Part of an executive director’s role is managing the many moving pieces that go into operating a successful nonprofit. But no single person can be expected to be an expert on everything. When some of an executive director’s duties fall outside of their skill-set or experience, the risk of error increases. And, when your nonprofit depends on funding, the last thing you want to do is expose your organization to unnecessary risk.
This is where compliance experts come in. Think of these professionals as advisors who can step in and fill the gap between your expertise and the task at hand, allowing you and your organization to mitigate risks, save money, and maintain your peace of mind.
What does a compliance expert do?
Compliance experts are professionals who help nonprofit organizations meet the high standards set by the government with regard to financial compliance. These are people who are well-versed with nonprofit contracts, taxes, and insurance. They come to the table with technical experience that your executive director and board may not have at their disposal.
Take contracts, for example. These legal documents are vital and, unfortunately, often inundated with complicated jargon. It’s important that you understand what contracts stipulate before signing them, but sometimes that can feel like reading a document that’s been written in a language you don’t know. A compliance expert can act as a contract manager, helping you decipher your contracts and avoid the expense of seeking out a lawyer. They do this by:
- Reviewing the terms, conditions, and phrasing of contractual language
- Providing your organization with a recommendation of whether the contract (or other legal documents) is likely to pass
- Acting as your organization’s liaison if further action is required (e.g. if a lawyer needs to get involved)
The same can be said for dealing with insurance. If a contract or grant has any insurance provisions associated with it, a compliance expert can review them to make sure your organization is covered. And, just like with contracts, a compliance expert can review your insurance coverage and help you understand it. Don’t forget: just because you have insurance, it doesn’t always mean you’re covered. A compliance expert who understands the language of your coverage will help you avoid learning this the hard way.
What kind of skills should compliance experts have?
Compliance experts are often tasked with translating complicated legal jargon into a language their clients can easily understand. For this reason, it’s important that they be strong communicators who can explain things to you clearly and concisely. Because of the work they do, compliance experts should have experience working in the legal environment, especially contract law, and a strong understanding of insurance as well. The more detail-oriented they are, the better.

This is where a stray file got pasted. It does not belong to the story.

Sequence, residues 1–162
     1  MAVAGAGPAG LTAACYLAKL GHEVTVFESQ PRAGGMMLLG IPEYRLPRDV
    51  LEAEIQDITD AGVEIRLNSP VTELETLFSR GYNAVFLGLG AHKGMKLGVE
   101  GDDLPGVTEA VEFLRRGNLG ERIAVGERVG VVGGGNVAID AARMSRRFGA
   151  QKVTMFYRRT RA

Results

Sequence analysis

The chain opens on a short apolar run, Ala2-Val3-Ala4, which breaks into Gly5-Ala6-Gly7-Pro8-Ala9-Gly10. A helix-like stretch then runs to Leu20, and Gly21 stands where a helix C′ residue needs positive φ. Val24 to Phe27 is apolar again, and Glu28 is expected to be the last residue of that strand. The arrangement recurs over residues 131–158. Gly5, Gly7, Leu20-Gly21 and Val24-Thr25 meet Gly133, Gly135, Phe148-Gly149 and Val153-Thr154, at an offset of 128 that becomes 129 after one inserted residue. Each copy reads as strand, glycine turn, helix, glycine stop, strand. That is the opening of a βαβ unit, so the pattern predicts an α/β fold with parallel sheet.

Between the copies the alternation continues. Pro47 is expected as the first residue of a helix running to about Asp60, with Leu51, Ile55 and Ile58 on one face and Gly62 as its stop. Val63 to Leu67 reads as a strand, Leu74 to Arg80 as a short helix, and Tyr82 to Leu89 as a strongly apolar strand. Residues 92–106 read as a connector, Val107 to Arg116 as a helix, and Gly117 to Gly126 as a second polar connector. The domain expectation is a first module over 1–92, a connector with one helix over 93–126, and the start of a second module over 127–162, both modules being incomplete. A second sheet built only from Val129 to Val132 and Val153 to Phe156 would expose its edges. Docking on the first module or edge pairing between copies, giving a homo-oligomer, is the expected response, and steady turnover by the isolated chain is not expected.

Why should your organization use a compliance expert?
Working with compliance experts is a matter of protection. Many nonprofit organizations—especially smaller ones—don’t have the resources to have lawyers on hand to review contracts or insurance documents. A compliance expert will work with you to keep you informed of the risks your organization may be taking on, giving you the power to decide if they are risks you’re willing to accept or not.
Without the aid of a compliance expert, you may end up entering into contracts that expose your organization to a level of risk that could come back to haunt you. When nonprofits sign contracts without knowing what the terms mean, it can cause a significant financial impact. We see this a lot when organizations contract with government entities, such as a city or state, or even federal government agencies. These agencies carry a lot of clout and come with unique red tape that can make it difficult to get contract language changed. But many nonprofits think they have to sign the contract anyway if they want to get the money they need, which opens them up to risk. This is where a compliance expert can help.
Compliance experts will be on the lookout for things like indemnification clauses, which state that your organization is liable for not only your own acts of negligence but the negligence of the organization you’re contracting with as well. They can also make sure you don’t end up accepting funding or grants that have requirements that your organization can’t meet, which will prevent you from having to either pay those funds back or prevent you from being able to reapply the following year.
What kind of compliance services does Trestle provide?
One thing we do is help nonprofit organizations like your develop an initial contract, which can then be presented to various funders. This will define how a relationship between your organization and another will work.
In the past, we’ve helped an organization create a memorandum of understanding with several school districts to provide a new funding source for them. We’ve also helped another organization move from one data provider to another by reviewing the associated contracts, identifying risks, and negotiating the contracts to a point where the organization felt comfortable signing.
If your nonprofit organization could benefit from the skills and experience of compliance experts, get in touch with us. We’re here to help!